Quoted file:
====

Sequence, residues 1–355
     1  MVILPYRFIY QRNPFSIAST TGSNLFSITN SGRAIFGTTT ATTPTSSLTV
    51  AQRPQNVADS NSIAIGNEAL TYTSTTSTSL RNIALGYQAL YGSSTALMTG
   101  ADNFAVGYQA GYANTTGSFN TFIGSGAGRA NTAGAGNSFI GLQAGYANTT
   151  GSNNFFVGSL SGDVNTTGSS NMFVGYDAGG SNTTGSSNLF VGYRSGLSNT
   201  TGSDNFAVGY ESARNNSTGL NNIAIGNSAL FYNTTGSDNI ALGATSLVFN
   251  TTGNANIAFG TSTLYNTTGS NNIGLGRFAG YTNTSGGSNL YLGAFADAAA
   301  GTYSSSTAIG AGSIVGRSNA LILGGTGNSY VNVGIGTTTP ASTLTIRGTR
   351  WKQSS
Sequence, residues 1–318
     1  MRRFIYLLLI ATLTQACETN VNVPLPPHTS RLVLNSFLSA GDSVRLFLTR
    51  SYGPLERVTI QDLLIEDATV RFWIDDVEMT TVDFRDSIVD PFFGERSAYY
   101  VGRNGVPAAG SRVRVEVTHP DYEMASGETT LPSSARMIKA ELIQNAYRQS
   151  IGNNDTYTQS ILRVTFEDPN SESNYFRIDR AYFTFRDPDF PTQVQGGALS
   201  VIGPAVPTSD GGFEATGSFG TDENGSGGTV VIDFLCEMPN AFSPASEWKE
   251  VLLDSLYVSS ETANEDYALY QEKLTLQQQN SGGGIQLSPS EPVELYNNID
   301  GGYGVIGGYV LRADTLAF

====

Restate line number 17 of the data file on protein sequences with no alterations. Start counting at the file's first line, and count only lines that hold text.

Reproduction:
   301  GGYGVIGGYV LRADTLAF